The Karantina neighbourhood intervention ‘Makani’ – my place- is a project developed to provide the area’s residents with a safe, inclusive and playful public space. To ensure the space accurately reflects both the needs and desires of its users, the project employed co-design methods that allowed the neighbourhood’s diverse voices to be heard.
To select the site of intervention, we used various selection methodologies including participatory observation, mapping, and interviewing local community members and key stakeholders to find plots of public land that would ensure accessibility to all. The plot that was finally chosen was located at the intersection of Rmeil street and Mashghara street in close proximity to residential housing where many children live with their families.
The project began with a community clean-up activity to start activating the space so that the visualisation and transformation of the space could begin. With the help of volunteers, recruited citizen scientists and the CatalyticAction team, the site was gradually cleared. The clean up of the space also provided an opportunity for us to ask children and other residents what they’d like from this new space. We used participatory design tools such as: transect walks and Focus Group Discussions. The community’s key concerns were around safety and having somewhere nice to play which they expressed through a desire for colour and levelled tiling to make the space more usable.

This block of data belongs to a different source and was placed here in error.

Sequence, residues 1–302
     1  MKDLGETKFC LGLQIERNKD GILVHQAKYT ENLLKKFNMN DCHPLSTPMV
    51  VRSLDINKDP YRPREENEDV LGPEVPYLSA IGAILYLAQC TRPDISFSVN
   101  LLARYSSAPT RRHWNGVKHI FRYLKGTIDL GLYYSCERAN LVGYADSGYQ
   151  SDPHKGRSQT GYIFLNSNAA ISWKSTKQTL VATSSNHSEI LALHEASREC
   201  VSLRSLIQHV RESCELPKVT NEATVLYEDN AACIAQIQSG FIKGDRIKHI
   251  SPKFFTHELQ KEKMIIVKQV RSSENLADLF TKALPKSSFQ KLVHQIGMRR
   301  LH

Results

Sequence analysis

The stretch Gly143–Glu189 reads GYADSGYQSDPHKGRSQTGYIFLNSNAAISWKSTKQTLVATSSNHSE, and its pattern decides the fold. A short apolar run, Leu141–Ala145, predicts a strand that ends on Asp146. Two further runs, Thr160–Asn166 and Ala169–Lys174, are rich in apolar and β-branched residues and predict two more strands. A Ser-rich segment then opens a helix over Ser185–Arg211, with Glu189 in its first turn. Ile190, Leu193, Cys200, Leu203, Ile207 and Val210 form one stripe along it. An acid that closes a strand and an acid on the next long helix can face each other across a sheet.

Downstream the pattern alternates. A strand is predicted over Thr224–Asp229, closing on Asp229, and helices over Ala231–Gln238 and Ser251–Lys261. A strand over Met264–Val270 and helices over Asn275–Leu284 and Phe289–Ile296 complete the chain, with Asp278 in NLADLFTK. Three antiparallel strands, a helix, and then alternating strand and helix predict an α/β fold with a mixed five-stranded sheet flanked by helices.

We presented the preliminary design to Karantina’s residents at a community design consultation on site.The design consultation allowed us to gauge the different priorities of the community and what they sought from the space. This included calls for greenery, seating areas in the shade, lighting for women to feel safe, and a safe place that could be used by all age groups.
As part of our activation of this public space and our ongoing Kan Ya Makan project, we organised a mural activity with the street artist Ghiath Al-Robih. He painted a mural with the children which incorporated tactile features such as a cat and a bird to encourage sensory play. We also invited a group of Beirut Skaters from the Lebanese skateboarding association to teach children some new moves and to show them different ways in which the space could be used. In collaboration with the art collective Zayraqoun, we organised two activities: an open parade in which children and community residents used this space for expression; and an interactive theatre performance with children to learn about nurturing their new public space and treating each other with respect.
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